NASA leader expresses Mars exploration hopes
Dava Newman, deputy administrator of the National Aeronautics and Space Administration, spoke on “NASA’s Journey to Mars and Beyond,” in a lecture hosted by the Rice Space Institute on Sept. 7. Newman addressed a full crowd after a reception in Duncan Hall.
The lecture was a continuation of the Houston Spaceport Frontier Lecture series that started in 2011, and sought to draw Rice students and the community into a conversation about space.
Newman began the lecture by discussing NASA’s current projects, but the focus quickly shifted to how NASA aims to meet U.S. President Barack Obama’s charge to get boots on Mars by the mid-2030s.
“We do have a plan,” Newman said. “We are charged by the president to send humans out, first to Earth-moon orbit and then to Mars, and hopefully we can sustain this and keep the momentum going.”
According to Newman, NASA must design a multitude of new solutions before Mars comes within reach. The agency is working to advance technologies for habitation structures, humanoid robots and early descent landing, among other challenges.
Newman stressed that the U.S. is not — and should not — be alone on Mars. NASA works with 120 nations around the world, in addition to private corporations such as SpaceX.
“Exploration is global,” Newman said. “We’re all in this together. We’re all dependent upon each other.”
According to Newman, this spirit of cooperation is not limited to international scientists. Newman discussed the role of the humanities in space exploration, encouraging students to get involved regardless of their academic focus.
Newman outlined STEAMD, an extension of the common STEM acronym to include arts and design that represents NASA’s new emphasis in space exploration.
“[We want to] bring in the arts,” Newman said. “We need you. We need the storytellers.”
John Cook, a recently retired NASA engineer who was instrumental in the creation of the International Space Station, was also part of the lecture audience on Wednesday night. He recalled Apollo 11’s lunar landing in 1969, saying the moon should not be abandoned yet.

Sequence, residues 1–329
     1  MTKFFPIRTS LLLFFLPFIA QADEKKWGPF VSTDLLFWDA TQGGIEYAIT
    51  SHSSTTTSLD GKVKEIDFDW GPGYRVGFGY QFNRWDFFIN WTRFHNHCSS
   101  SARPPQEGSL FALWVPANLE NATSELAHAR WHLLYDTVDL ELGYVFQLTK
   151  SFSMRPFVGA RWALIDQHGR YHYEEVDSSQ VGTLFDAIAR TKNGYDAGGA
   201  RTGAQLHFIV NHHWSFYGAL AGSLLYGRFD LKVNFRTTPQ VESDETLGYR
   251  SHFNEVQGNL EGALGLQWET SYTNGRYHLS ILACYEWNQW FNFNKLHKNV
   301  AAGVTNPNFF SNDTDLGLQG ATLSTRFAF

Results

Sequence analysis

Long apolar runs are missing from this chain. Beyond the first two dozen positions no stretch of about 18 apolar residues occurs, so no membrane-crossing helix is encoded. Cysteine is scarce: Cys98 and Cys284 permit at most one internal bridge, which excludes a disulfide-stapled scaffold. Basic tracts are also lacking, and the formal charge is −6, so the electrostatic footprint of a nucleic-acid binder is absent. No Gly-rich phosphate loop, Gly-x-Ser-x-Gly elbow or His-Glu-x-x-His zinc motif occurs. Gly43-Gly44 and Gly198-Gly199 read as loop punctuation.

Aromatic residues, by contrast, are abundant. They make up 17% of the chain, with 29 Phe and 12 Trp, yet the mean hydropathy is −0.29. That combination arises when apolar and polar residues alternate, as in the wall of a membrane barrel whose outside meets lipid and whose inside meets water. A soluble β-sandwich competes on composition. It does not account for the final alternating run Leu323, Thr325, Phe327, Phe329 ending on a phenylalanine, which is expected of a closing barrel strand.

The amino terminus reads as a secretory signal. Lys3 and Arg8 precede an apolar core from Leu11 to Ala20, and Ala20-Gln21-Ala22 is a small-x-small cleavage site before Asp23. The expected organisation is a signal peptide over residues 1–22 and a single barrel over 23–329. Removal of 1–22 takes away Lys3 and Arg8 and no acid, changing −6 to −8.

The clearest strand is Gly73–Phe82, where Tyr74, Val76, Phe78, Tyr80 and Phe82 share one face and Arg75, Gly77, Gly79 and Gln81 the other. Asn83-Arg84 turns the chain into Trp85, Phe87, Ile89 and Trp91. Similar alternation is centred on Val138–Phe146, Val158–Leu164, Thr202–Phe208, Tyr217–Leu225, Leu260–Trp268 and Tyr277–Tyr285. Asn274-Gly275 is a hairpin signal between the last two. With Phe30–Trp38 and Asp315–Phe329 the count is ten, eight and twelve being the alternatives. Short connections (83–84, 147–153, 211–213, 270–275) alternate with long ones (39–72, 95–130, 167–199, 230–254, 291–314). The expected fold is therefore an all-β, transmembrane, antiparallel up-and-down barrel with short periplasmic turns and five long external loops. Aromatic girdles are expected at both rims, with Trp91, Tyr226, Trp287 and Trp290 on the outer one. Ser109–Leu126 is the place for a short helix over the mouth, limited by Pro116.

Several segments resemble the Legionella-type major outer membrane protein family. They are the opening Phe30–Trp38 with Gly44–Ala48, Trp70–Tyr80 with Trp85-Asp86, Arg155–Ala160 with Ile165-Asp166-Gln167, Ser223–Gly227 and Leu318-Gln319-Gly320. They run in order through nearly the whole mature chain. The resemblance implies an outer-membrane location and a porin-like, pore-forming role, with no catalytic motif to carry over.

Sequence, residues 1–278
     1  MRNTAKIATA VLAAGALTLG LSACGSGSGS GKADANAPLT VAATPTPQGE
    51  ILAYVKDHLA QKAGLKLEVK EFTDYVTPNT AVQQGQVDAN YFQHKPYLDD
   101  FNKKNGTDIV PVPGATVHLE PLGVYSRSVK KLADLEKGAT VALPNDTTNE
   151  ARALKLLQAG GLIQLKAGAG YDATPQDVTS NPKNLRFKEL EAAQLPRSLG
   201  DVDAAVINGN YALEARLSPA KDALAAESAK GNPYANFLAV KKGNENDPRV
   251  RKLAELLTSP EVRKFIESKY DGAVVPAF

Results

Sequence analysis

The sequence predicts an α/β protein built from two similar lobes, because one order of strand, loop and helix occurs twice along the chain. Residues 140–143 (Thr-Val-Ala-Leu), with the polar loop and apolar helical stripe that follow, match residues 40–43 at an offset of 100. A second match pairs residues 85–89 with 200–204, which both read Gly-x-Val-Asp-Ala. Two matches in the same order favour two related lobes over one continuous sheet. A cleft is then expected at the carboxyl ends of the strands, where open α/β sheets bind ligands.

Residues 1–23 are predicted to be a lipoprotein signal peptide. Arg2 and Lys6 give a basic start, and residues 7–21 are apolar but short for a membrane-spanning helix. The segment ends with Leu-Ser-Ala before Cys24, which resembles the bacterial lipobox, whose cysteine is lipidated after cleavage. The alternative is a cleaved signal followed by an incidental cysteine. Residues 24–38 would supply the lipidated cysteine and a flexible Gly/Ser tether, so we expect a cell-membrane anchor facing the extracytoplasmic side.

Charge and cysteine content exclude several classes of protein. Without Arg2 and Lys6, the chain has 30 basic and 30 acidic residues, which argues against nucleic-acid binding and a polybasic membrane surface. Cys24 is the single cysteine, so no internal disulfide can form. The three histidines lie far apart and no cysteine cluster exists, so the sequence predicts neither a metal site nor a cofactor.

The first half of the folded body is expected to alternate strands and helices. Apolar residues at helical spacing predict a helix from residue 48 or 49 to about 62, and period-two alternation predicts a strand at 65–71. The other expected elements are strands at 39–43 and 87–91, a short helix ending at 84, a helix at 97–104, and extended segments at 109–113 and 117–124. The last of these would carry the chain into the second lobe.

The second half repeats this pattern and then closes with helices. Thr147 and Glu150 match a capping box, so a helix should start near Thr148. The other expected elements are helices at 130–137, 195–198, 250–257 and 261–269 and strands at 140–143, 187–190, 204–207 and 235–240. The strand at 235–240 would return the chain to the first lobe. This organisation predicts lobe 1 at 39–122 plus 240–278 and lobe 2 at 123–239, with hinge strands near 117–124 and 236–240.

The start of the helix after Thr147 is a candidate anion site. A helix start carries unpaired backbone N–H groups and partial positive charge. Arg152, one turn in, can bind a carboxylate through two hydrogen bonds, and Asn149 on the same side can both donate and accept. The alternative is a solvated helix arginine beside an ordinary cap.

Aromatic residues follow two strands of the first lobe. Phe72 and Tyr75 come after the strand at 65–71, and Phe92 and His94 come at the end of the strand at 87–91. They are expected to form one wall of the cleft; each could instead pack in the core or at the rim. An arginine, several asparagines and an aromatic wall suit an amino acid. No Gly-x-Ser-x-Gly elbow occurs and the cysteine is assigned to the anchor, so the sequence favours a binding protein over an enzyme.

“The moon is an excellent dress rehearsal for Mars,” Cook said. “Let me put it in perspective. The moon is about 250 thousand miles away. The minimum distance to Mars in the 2030s is 35 million miles away, so you don’t want to be winging it on Mars. You want to practice it on the moon.”
First-year anthropology graduate student Melanie Ford is studying horticulture projects in space, such as NASA’s Vegetable Production System program. With the discovery of water on Mars and NASA’s ability to create oxygen from the carbon dioxide-rich atmosphere, Ford said she is excited for the future of exploration.
“These are all things that really bridge the extraterrestrial and terrestrial worlds,” Ford said. “We’re remaking a world of our own, and I’m interested to see how these anthropocentric narratives get reconstructed in outer space.”
Brown College junior Andrew Gatherer attended the lecture as a member of Rice’s chapter of Students for the Exploration and Development of Space, a new group on campus that aims to connect students interested in space.
“The focus of SEDS is to bring together students who are passionate about everything from the growing commercial space program to exobiology,” Gatherer said. “We come together to discuss current events and space policy, not simply the technical basis of space exploration.”
RSI Director David Alexander was responsible for Newman’s appearance and has been instrumental in providing Rice students with these space-related opportunities, according to Gatherer.
“Speakers like Dava Newman have the power to really make an impact on the audience, and they contribute immensely to the prestige of our university in the space industry,” Gatherer said.
The RSI plans to continue the series with monthly lectures throughout the rest of the academic year. The lectures are free and open to the public.
Past speakers for the lecture series have dealt with topics including space settlement, the search for life in the universe, and the economics of commercial spaceflight. Since the program’s launch, several speakers have addressed the prospect of a Mars mission.
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